World of Willow & Flowers: Geishas in Kyoto
Japan 02.11.2016 David Abram
It comes as a surprise to many visitors to discover that the rarefied, arcane world of the Japanese geisha is still very much a living part of the country’s cultural scene, and nowhere is this more true than in Kyoto, where these elaborately costumed female entertainers prefer to be known as ‘geiko’.
The tradition dates back centuries, but took its present form during the 1760s, when a separate class of artistes emerged from the murky underworld of the odoriko (dancing girl) and oiran (courtesan). Geishas were highly trained performers, erudite and accomplished in the arts of classical music, dance, poetry, games and conversation. They were employed as private entertainers in upper-class homes and special geisha houses. Contrary to popular perception in the West, however, sex was rarely on the menu!
Today, geishas are in greater demand than ever, particularly in Kyoto, where wealthy industrialists and politicians pay huge sums to be entertained in high style at one of the city’s famous okiya ('geisha houses'). These are located in five different pleasure districts, or hanamachi (literally ‘flower towns’), ranked according to a strict hierarchy, with those in the district of Gion Kobu at its apex.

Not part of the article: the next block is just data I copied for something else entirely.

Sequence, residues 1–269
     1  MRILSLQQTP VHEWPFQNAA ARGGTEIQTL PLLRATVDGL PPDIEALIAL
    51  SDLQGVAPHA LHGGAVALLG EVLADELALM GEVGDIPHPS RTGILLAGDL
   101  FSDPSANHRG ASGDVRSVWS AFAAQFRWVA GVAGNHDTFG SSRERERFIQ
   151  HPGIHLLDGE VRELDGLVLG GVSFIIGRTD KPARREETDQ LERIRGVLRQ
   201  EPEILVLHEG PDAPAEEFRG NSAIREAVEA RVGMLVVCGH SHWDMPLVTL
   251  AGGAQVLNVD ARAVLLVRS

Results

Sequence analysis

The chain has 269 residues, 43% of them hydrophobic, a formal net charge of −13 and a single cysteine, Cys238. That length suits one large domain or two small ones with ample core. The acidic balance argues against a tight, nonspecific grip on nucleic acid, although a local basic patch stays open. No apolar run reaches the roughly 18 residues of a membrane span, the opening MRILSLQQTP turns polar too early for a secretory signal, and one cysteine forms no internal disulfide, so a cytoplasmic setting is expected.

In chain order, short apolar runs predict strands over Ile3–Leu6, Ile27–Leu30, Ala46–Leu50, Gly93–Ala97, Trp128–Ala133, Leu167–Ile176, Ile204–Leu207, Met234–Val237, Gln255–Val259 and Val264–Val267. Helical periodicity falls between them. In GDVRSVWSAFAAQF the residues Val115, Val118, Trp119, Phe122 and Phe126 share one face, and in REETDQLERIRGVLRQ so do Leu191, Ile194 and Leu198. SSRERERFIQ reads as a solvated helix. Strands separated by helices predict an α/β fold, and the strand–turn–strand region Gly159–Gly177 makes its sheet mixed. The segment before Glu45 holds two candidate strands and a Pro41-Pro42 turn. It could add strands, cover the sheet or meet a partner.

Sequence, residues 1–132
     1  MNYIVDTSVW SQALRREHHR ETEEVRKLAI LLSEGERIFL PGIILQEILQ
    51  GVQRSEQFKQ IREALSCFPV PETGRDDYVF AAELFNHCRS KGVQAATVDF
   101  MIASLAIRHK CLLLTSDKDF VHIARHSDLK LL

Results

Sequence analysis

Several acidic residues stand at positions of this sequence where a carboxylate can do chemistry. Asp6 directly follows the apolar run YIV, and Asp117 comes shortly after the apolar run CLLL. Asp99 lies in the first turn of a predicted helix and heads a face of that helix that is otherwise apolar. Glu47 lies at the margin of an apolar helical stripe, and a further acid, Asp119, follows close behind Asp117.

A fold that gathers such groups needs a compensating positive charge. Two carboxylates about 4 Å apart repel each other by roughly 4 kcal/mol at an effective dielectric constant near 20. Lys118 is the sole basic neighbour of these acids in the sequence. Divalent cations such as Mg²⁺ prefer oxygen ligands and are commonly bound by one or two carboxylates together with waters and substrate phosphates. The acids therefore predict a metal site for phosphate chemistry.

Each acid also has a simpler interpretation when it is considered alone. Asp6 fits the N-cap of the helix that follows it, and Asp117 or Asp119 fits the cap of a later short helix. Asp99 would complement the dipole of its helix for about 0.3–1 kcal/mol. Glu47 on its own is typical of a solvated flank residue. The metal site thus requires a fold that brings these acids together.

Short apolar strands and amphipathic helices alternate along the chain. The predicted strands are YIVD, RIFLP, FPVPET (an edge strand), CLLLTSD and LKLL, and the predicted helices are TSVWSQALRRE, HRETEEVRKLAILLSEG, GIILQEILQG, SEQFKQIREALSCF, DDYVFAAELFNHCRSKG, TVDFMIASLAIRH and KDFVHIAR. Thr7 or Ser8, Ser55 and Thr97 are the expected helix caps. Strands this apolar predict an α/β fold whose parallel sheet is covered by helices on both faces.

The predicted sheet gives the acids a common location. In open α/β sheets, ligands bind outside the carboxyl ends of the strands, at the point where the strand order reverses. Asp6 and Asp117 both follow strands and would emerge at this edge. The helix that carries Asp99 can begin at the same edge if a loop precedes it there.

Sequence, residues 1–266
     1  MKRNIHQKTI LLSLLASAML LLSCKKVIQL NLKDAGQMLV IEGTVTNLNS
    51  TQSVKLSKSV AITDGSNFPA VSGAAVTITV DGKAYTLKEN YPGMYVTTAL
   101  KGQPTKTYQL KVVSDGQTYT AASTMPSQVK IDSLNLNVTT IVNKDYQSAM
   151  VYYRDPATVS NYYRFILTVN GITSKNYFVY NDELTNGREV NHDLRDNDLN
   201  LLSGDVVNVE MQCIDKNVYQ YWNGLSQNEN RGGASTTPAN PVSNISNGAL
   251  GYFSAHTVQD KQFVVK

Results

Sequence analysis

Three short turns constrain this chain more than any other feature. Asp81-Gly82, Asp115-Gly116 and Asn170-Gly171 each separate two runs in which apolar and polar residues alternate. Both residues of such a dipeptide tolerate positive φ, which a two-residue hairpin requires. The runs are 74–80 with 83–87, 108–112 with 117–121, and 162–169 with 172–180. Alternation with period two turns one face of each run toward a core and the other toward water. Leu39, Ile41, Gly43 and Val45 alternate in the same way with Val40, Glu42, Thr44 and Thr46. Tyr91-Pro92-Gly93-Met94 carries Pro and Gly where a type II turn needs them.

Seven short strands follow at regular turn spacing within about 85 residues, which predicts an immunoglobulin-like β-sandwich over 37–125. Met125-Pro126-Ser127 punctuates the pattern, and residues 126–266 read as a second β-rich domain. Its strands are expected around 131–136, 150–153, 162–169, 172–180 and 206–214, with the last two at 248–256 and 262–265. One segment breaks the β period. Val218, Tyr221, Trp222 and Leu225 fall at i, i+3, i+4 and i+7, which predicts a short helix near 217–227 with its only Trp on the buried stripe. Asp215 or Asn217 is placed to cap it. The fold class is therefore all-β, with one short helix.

Unless you’ve a deep enough wallet to sponsor your own geisha evening at an ochaya (tea house), your best chance of experiencing the refined ‘flower and willow world’ (karyukai) of the Japanese geisha is to attend one of the regular performances of music and dance staged in Kyoto’s theatres and studios (your TransIndus guide will known when and where these take place). Some visitors, and even locals, often hang around the backstreets of Gion, Paparazzi-style, between 4 and 6pm, hoping to catch a glimpse of a geiko or maiko ('apprentice') on her way to an evening engagement.